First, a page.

Why Study Skills?

To Improve Marks at School

One of the first learning challenges children are faced with are the days of the week, the months of the year and also the alphabet. Typically rote learning is used to learn these as there is nothing to understand. Rote learning is therefore children’s first experience to deal with learning challenges.

The utilisation of rote learning as the predominant and sometimes the only learning strategy, has huge risks. Let us use the alphabet to explain just one of these risks.

When learning the alphabet, letters are linked only to the next letter and only in one direction. Schematically it can be presented as below.

As long as every link in the chain is remembered, all is well.  A serious problem, however, develops if one link is forgotten.  As letters are connected in one direction only and only to the one following, all the letters to follow are consequently forgotten.

Schematically this is presented below.  In this example the letter “D” is forgotten and therefore the rest.

Make no mistake, the above happens and especially under stressful situations.

With smaller children for example it happens when they are stressed, because they have to recite a verse before an audience.  Typically they progress fluently to a point and then they get stuck.  If somebody, a teacher for instance, then comes to their rescue by helping them with the next word, they continue happily with the rest.

Older children that predominantly use rote learning will, when the above happens under the stress of an examination, typically say they struck a blankor “I know exactly where in the textbook this is written.  If only I could remember the word”.

Memorised content is quickly forgotten. It can happen that only 45% of the learned content can be remembered after one day and only 20% after three days. This is terrible. Learn 100 facts on day one and on day three you remember only 20.

Scientists differ on the exact percentages, but the fact is that memorised content is very quickly forgotten.

Investing a few hours at an early age to learn proper study skills is undoubtedly the best investment a child can make.  Parents furthermore have the dire responsibility to assist and coach their children to fine-tune and master these skills that will always stand them in good stead.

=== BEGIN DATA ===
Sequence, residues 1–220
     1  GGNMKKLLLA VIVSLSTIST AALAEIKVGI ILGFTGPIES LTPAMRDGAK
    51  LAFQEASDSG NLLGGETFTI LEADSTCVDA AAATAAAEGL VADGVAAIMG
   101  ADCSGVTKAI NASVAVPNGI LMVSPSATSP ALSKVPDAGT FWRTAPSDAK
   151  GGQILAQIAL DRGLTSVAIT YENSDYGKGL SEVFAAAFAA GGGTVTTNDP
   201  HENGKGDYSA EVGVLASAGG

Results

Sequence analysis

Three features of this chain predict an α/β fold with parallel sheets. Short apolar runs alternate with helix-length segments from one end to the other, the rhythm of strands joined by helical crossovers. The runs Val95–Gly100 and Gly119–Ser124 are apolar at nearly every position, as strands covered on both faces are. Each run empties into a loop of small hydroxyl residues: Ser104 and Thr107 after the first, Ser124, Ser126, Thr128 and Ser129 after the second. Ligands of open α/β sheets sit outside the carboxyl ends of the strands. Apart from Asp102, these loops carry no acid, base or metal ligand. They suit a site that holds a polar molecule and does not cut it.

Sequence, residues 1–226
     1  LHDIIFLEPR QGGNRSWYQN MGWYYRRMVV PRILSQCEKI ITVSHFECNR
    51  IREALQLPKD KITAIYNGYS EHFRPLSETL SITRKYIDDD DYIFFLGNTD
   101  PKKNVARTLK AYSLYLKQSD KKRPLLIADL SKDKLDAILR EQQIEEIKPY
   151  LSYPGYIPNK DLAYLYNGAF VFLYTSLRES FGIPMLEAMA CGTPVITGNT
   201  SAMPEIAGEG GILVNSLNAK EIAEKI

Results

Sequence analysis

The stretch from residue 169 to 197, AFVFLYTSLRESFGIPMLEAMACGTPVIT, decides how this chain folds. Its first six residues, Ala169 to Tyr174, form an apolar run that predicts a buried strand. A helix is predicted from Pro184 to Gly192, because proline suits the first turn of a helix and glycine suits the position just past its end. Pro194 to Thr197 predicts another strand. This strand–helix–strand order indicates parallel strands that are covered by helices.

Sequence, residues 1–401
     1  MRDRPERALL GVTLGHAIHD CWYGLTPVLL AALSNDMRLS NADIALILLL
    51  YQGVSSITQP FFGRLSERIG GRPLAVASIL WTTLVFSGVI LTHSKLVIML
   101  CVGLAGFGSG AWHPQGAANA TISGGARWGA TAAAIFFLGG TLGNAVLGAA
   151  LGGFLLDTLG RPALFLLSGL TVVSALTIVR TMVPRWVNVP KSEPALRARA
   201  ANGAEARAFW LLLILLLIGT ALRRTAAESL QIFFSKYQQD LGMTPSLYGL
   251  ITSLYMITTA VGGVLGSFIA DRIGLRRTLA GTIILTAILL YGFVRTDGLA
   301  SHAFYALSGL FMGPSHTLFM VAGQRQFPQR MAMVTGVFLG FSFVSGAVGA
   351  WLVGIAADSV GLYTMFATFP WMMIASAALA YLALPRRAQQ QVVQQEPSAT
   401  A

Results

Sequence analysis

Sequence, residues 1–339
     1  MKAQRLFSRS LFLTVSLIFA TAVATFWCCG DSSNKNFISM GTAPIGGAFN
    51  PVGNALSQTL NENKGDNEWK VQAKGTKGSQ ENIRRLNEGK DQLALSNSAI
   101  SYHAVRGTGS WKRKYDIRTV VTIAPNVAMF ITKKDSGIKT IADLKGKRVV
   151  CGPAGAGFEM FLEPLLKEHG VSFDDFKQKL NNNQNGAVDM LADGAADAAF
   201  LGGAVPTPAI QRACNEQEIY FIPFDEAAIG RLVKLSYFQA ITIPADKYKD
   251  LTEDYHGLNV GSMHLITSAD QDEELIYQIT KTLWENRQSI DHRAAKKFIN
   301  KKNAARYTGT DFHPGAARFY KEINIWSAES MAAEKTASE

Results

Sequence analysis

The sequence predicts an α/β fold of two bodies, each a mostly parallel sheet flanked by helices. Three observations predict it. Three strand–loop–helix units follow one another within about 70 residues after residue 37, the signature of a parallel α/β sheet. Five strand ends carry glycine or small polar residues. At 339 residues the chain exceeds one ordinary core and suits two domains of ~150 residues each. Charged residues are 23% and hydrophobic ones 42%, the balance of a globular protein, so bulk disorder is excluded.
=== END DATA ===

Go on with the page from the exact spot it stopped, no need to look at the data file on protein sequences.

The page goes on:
Be Better Prepared for the Challenges of the Future

In 1998, Kodak had 170,000 employees and sold 85% of all photo paper worldwide.  Within just a few years, their business model disappeared and they went bankrupt.  What happened to Kodak will happen to many industries in the next 10 years – and most people don’t see it coming.

Technology will pervade every work environment in the next 5 -10 years.  Uber is just a software tool, they don’t own any cars, and are now the biggest taxi company in the world. Airbnb is now the biggest hotel company in the world, although they don’t own any properties.

Should you Google “top jobs” you will find titles such as 10 Jobs that did not exist 10 years ago and “5 High-​Paying Jobs That Didn’t Exist 10 Years Ago”. It is also reported that many jobs as we know it today are at risk from automation. This especially applies to low-​skilled jobs and will increasingly spread to middle class jobs. Should you, however, consult the United States Bureau of Labor Statistics Occupational Handbook, growth rates of 30% or more over the next 10 years for familiar job titles as diverse as brick mason and dental hygienist are projected. Undoubtedly therefore, some jobs are here to stay, many jobs will disappear and new jobs will be created.

To cope with the expected changes in the labour market, employees will have to:

  • Take greater personal responsibility for acquiring and continuously updating skills for progression and success.
  • Be open to and take advantage of new and different approaches to learning, for instance self-directed, bite-sized learning, peer-to-peer learning and technology enabled training opportunities.
  • Be willing to jump across specialist knowledge boundaries as technologies and disciplines converge, developing a blend of technical training and ‘softer’ collaborative skills.
  • Focus on development of key skills and attributes that will be at a premium in future, including resilience, adaptability, resourcefulness, entrepreneurial skills, cognitive skills (such as problem solving), and the core business skills for project management.

Arguably the above list is incomplete and futurologists very often get it wrong.  What is, however, distinctly clear from the above and extensive information provided on the Web, is that skills of the mind will be indispensable to effectively and creatively cope with an ever-changing future working environment.  The conclusion is therefore unambiguous, clear and specific:  develop and nurture the skills of the mind from an early age.